— By Sue Price Johnson Long-term care in the state—from in-home services to institutional care—ranks 38th in the nation, according to a recent survey. AARP North Carolina, the state Department of Health and Human Services and other organizations are working to upgrade that performance. They support legislation that helps improve the quality of care and are educating the public about issues such as tighter oversight of facilities and the high cost of care. Families seeking long-term care for a relative often …

— ASHEVILLE – At a regional fraud prevention event held by elder advocates across the Mountain Region, AARP volunteer Betsy Cantrell was presented with the AARP Andrus Award for her outstanding contributions to improving the lives of adults as they age. The award, named after AARP’s founder, Dr. Ethel Percy Andrus is given each year to the North Carolinian who has done the most to promote the health, economic security and well-being of older adults. According to AARP North Carolina, Cantrell …

— RALEIGH – As part of an initiative to help curb fraud and identity theft that target older North Carolinians, AARP is pleased to announce a new top volunteer position it is working to fill.  AARP’s Fraud Prevention Impact Leader will work with AARP North Carolina Executive Council members and other volunteers to develop and implement a statewide fraud prevention plan and extend AARP Fraud Watch Network programs and advocacy across the state. Fraud and identity theft continue to be growing …

— Like AARP, faith-based communities and places of worship have helped people take care of loved ones, save more for their future, find health and job resources and so much more. Many in the faith community were surprised and delighted to learn of all of AARP’s current offerings and relevancy to their congregations.  In-person engagement is the most effective method of educating community leaders about AARP and cultivating relationships. AARP North Carolina has a new volunteer position to help lead AARP’s work …

— This year, the number of North Carolinians 60 and older is likely to exceed those under 18. That makes AARP North Carolina’s work even more relevant, especially in certain western counties, where projections show residents 65-plus could be about a third of the population by 2030. AARP North Carolina is hosting workshops and community events in the state’s Mountain Region to help residents save for retirement, locate caregiver resources, find jobs, and stay physically and socially active. Volunteers are critical …

— AARP Foundation Tax-Aide offers free tax-filing help to those who need it most. With the growing popularity of the program, AARP is looking for even more volunteers to join other compassionate and friendly individuals to assist. Last year in North Carolina, over 1,100 tax aide volunteers at more than 100 sites helped 77,776 individuals save $7,402,793 in earned income tax credits. Unlike other tax services, AARP Tax Aide is free and available in person or online. AARP North Carolina State …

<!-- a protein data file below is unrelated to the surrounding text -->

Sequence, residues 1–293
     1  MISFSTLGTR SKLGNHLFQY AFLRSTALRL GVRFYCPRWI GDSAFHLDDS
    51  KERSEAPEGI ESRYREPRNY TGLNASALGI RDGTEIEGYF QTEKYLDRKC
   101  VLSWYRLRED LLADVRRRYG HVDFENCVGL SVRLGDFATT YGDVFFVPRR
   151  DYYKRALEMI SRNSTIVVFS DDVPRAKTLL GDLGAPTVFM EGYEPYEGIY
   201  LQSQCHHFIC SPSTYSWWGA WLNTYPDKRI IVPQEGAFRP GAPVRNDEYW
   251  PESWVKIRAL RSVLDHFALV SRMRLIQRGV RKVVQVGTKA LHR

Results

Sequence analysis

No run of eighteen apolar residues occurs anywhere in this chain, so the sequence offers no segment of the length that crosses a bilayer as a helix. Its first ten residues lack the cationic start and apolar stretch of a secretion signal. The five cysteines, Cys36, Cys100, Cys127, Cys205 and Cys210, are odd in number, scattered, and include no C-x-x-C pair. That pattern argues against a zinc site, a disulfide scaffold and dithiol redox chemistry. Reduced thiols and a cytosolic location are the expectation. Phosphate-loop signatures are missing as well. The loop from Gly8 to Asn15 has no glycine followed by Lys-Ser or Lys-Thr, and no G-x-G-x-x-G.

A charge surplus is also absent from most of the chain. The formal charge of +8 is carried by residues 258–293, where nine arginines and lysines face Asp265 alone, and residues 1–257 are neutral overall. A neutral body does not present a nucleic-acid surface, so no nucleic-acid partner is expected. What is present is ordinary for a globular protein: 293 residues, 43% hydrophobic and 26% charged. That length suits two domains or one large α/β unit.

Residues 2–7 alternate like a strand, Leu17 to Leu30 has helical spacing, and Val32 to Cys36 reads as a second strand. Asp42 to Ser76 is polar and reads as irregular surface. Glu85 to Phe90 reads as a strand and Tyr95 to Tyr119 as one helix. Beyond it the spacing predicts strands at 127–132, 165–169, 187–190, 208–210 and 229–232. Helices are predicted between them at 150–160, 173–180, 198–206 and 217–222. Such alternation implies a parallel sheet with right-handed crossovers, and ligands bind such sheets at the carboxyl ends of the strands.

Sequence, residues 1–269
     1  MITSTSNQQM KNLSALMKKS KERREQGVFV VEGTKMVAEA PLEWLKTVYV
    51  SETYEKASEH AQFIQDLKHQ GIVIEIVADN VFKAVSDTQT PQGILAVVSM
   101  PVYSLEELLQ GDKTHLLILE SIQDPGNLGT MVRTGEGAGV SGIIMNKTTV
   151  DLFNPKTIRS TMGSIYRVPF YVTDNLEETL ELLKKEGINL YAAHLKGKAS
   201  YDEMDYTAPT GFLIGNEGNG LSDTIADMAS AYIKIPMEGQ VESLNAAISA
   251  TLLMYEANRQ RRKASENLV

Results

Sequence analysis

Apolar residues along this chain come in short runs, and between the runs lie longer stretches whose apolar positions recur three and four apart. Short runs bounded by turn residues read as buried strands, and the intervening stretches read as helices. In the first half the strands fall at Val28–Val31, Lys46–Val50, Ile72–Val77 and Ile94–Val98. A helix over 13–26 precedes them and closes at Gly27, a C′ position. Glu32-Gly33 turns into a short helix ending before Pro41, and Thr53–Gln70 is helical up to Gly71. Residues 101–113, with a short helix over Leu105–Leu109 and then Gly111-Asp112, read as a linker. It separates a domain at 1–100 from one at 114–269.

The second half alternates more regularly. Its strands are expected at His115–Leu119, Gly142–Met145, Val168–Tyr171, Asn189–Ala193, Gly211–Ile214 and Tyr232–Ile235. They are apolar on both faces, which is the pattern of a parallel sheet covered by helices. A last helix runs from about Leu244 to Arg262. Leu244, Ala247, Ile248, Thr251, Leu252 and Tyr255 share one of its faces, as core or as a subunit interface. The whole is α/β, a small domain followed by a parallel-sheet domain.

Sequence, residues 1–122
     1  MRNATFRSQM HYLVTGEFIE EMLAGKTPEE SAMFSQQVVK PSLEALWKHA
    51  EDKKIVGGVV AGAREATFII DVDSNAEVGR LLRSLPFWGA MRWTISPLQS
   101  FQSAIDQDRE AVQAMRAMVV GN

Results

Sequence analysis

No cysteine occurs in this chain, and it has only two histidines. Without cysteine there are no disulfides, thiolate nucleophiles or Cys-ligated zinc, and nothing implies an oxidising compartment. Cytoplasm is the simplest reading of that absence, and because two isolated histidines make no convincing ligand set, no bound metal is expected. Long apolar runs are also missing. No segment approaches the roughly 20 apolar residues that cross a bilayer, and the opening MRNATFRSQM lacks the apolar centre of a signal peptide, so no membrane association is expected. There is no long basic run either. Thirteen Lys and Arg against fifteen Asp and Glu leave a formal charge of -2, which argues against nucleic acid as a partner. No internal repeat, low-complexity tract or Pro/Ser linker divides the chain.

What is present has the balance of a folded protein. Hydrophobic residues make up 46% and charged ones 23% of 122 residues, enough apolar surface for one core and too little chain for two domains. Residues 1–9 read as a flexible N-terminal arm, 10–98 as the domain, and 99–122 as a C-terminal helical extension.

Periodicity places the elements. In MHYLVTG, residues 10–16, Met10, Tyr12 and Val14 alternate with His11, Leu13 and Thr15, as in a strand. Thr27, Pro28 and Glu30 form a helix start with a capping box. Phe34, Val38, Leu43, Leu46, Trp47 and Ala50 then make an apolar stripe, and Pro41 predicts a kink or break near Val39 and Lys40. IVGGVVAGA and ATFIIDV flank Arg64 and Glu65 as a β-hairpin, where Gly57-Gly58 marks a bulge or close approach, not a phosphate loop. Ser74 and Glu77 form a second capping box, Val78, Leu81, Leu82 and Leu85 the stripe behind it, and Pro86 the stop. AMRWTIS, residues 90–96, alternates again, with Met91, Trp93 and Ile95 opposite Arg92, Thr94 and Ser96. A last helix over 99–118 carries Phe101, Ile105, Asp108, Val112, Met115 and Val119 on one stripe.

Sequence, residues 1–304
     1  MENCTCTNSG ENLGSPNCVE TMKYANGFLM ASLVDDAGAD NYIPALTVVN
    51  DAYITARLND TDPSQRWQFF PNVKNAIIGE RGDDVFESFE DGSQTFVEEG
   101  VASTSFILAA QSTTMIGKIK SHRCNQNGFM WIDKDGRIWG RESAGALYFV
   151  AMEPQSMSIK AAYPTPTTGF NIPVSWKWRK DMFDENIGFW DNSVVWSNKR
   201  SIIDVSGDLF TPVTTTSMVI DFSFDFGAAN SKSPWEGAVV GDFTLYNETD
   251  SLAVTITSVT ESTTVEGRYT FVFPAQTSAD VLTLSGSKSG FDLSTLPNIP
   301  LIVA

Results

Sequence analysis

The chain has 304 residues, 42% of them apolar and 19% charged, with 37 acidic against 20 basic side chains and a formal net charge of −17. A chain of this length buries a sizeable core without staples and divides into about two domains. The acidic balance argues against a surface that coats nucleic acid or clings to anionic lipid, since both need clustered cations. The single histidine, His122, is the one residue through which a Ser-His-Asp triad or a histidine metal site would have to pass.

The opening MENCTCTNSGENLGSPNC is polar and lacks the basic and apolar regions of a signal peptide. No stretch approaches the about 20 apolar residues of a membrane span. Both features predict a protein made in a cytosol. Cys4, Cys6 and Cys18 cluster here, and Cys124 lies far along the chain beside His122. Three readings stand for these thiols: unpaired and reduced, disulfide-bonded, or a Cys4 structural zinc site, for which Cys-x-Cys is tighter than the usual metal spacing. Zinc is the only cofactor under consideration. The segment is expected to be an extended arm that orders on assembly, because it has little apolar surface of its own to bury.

—   RALEIGH — Former AARP North Carolina volunteer leaders Richard “Dick” and Diana “Dee” Hatch received recognition for their long-time contributions to improving the lives of older adults in North Carolina. The Hatches, along with aging advocate Polly Williams, were presented with Pioneer Awards by the NC Coalition on Aging, a statewide alliance composed of 61 organizations including AARP that are focused on aging issues in North Carolina. The Pioneer Award was established in 2016 to recognize individuals who have …

— RALEIGH — Dr. Catherine Harvey Sevier of Greensboro has been appointed as the new state president of AARP North Carolina. The volunteer led AARP has 1.1 million members in the state and is instrumental in improving the lives of older adults through information, advocacy, community service and local offerings and events. Dr. Sevier has an extensive background in clinical nursing, academic cancer center administration, and health policy development. She was founding Executive Director/COO of the National Comprehensive Cancer Network (NCCN), which …

— By Michelle Crouch Rob Cooley knows that keeping his 40 employees happy is crucial to the long-term success of his business, two Apple Annie’s Bake Shops in Wilmington. But it’s tough for small-business owners to offer the same benefits as larger companies, he said, especially when it comes to retirement. “Setting up some kind of retirement plan is just cost prohibitive,” said Cooley, 49, who is also a co-owner of a beer and wine store with his family. “Small businesses …

— Choosing a Medicare plan is an important, but often overwhelming, decision. AARP North Carolina is proud to partner with the North Carolina Department of Insurance on a new program being offered in the Charlotte region, The Road to Medicare. The Road to Medicare gives a basic overview of Medicare and is particularly helpful for those who will soon be eligible for Medicare or those who have recently joined. The presenter is a trained volunteer counselor of the Seniors’ Health Insurance Information Program. SHIIP is …